# Difference of definition between HEM and VOF models

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 February 12, 2014, 02:16 Difference of definition between HEM and VOF models #1 Senior Member   Baris (Heewa) Join Date: Jan 2013 Location: Japan Posts: 130 Rep Power: 5 Dear Foam USers, I am trying to make simulation of cavitation in nozzle and confused about the differences between HEM and VOF models which are used in cavitatingFOAM and InterPhaseChangeFoam. When i look at the definitions of the solvers: HTML Code: ```1. [B]interPhaseChangeFoam[/B]: (incompressible) VOF+ Transport equation of vapor fraction→ source terms for vaporization and condensation  2. [B]cavitatingFoam[/B]:(compessible) HEM (homogeneous equilibirum model)+ Barotropic equation of state ρ=f(P)→EOS in continuity eq. to produce pressure eq. (linear model for compressibility)``` Both model are isothermal and dont solve the energy equations while solving closure equations as transport eqn. and barotropic. Also when i look at the original Schneer HTML Code: `[Schnerr G, Sauer J. Physical and numerical modeling of unsteady cavitation dynamics. Fourth International Conference on Multiphase Flow, New Orleans, USA2001.]` and Yuan HTML Code: `[Yuan W, Schnerr GH. Optimization of Two-Phase Flow in Injection Nozzles: Interaction of Cavitation and External Jet Formation. ASME; 2002.]` model papers, he explains the VOF model as: The bubble flow is treated as homogeneous vapor-liquid mixture which means that The gas-liquid interface is assumed to be in dynamic and thermal equilibrium and, consequently, only one set eqns are solved for mixture phase. and in another paper above explanation is called homogeneous mixtured model.: HTML Code: ` Kunz RF, Boger DA, Stinebring DR, Chyczewski TS, Lindau JW, Gibeling HJ, et al. A preconditioned Navier–Stokes method for two-phase flows with application to cavitation prediction. Computers & Fluids. 2000;29:849-75.` ==>So, This VOF explanation (inside of interPhaseChangeFoam) is totally same with definition of HEM model (inside of cavitatingFoam) . Then, why in the solver explanation of the Openfoam tutorials, it is written for interphaseChangeFoam as: Solver for 2 incompressible, isothermal immiscible fluids with phase-change (e.g. cavitation). Uses a VOF (volume of fluid) phase-fraction based interface capturing approach...(http://www.openfoam.org/docs/user/standard-solvers.php) If i am wrong please someone can correct me... Thanks in advance...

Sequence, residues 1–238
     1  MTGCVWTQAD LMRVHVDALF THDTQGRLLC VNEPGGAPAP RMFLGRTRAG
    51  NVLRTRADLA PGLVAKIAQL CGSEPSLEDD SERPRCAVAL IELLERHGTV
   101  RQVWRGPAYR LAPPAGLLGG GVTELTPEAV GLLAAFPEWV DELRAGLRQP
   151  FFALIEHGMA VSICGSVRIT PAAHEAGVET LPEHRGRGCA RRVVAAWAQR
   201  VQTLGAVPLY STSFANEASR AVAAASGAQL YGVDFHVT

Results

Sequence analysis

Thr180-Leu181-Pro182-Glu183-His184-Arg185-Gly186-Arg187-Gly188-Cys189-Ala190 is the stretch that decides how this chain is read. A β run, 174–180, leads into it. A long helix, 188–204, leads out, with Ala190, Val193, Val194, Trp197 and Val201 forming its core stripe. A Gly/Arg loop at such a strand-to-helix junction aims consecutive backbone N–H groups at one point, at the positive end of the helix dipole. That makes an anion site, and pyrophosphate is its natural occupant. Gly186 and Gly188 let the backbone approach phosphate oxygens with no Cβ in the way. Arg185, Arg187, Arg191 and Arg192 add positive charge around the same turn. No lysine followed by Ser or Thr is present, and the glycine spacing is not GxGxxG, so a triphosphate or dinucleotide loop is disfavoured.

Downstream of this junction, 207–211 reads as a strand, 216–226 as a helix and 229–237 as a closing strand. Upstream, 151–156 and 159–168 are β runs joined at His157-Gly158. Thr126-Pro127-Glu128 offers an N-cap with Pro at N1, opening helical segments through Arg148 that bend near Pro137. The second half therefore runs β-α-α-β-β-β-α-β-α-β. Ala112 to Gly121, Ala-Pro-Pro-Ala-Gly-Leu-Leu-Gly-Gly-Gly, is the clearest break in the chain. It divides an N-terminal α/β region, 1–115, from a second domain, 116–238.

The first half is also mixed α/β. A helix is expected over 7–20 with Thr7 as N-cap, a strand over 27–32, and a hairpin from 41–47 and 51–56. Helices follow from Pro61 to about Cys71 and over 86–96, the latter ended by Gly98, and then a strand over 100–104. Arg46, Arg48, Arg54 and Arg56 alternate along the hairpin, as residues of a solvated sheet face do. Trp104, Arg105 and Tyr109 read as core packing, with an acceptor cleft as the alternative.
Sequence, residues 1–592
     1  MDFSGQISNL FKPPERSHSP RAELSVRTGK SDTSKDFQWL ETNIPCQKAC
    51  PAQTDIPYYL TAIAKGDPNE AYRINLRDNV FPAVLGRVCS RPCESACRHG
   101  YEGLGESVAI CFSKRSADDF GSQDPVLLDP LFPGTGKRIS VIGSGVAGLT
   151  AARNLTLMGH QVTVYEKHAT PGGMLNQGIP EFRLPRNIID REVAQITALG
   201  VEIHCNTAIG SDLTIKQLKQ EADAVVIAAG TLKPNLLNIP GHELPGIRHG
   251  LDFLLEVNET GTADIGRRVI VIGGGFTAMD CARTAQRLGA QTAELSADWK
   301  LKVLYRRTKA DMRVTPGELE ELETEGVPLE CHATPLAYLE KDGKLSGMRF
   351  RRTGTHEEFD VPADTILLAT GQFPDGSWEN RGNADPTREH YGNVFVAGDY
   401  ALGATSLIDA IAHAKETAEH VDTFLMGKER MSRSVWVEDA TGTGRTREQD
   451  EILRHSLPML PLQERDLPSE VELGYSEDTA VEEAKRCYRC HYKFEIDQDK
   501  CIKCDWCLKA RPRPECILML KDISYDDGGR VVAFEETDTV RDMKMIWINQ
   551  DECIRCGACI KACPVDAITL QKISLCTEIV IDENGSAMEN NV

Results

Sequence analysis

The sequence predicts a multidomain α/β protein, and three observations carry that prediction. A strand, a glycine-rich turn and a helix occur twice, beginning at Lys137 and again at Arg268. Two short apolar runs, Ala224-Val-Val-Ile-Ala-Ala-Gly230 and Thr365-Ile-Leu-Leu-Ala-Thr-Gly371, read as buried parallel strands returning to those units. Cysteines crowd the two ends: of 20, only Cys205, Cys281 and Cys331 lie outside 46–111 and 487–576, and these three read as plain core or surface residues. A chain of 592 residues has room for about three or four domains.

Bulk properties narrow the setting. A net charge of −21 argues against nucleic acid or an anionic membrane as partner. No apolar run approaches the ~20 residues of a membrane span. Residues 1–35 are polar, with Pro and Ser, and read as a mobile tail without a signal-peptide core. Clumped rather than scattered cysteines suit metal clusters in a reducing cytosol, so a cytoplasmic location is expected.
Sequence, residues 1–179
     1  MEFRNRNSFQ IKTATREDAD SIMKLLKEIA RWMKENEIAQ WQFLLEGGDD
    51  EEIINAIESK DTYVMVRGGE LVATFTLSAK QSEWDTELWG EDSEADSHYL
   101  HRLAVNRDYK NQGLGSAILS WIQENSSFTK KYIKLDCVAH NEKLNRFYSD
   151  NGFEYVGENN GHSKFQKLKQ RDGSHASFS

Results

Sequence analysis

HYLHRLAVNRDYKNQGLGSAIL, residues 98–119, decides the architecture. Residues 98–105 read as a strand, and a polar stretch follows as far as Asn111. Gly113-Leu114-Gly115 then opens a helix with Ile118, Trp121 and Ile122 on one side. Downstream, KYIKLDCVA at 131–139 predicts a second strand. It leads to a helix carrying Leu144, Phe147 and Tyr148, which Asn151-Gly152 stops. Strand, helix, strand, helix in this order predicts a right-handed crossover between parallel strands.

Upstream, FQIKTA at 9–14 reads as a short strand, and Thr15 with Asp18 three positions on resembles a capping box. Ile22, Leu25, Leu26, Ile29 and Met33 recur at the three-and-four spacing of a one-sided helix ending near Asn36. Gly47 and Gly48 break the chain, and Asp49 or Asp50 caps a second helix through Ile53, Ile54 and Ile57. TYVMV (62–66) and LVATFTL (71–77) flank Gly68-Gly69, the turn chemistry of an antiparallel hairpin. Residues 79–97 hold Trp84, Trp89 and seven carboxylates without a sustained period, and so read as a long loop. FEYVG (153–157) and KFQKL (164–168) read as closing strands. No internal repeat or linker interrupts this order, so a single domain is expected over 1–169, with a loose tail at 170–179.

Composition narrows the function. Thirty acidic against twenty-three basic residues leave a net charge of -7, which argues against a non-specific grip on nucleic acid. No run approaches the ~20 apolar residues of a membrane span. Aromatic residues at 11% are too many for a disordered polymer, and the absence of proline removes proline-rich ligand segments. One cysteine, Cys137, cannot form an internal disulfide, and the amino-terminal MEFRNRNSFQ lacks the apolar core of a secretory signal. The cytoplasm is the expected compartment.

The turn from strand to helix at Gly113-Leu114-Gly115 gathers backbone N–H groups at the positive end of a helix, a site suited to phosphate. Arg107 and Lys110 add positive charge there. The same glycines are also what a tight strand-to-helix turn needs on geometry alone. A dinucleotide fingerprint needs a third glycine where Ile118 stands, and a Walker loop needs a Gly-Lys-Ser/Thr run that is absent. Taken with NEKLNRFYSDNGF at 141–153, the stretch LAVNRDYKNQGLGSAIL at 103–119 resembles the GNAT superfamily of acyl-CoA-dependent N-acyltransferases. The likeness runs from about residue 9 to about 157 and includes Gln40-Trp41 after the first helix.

February 16, 2014, 14:48
#2
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Bruno Santos
Join Date: Mar 2009
Location: Lisbon, Portugal
Posts: 9,659
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Hi shipman,

In my limited experience on this topic:
1. Be very careful with which version of OpenFOAM you are dealing with. The latest release version is 2.2.2 and the bug fix version is 2.2.x. If you are using any older versions of OpenFOAM, you might be looking at code that is completely outdated.
2. cavitatingFoam seems to rely on thermodynamic characteristics.
3. interPhaseChangeFoam is explicitly isothermal. Quoting from the source code first big block of comments in the header section of "interPhaseChangeFoam.C" (from OpenFOAM 2.2.x):
Quote:
 Code: ``` Solver for 2 incompressible, isothermal immiscible fluids with phase-change (e.g. cavitation). Uses a VOF (volume of fluid) phase-fraction based interface capturing approach. The momentum and other fluid properties are of the "mixture" and a single momentum equation is solved. The set of phase-change models provided are designed to simulate cavitation but other mechanisms of phase-change are supported within this solver framework.```
4. OpenFOAM mostly uses segregated numerical methods: http://www.openfoam.org/features/numerical-method.php - so it's natural that energy is not solved simultaneously with transport.
Beyond this, I need more information, namely regarding which specific equations do you see that are identical in both solvers.

Best regards,
Bruno
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